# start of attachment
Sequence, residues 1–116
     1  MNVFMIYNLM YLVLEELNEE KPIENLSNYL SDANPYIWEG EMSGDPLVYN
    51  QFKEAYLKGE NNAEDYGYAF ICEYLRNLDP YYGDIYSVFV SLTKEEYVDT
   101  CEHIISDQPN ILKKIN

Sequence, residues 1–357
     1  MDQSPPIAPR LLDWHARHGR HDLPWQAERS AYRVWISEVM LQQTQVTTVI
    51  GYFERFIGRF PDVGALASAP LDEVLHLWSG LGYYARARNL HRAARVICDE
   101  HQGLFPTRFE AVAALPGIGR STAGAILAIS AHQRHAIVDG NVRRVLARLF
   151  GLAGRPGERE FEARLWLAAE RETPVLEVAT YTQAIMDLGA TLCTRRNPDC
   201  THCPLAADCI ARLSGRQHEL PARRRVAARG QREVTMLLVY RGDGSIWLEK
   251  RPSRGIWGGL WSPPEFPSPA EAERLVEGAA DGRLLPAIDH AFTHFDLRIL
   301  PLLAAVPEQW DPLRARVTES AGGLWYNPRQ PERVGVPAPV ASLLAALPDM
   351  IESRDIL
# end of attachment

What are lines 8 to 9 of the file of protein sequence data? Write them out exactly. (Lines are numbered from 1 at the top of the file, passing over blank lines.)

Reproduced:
   101  HQGLFPTRFE AVAALPGIGR STAGAILAIS AHQRHAIVDG NVRRVLARLF
   151  GLAGRPGERE FEARLWLAAE RETPVLEVAT YTQAIMDLGA TLCTRRNPDC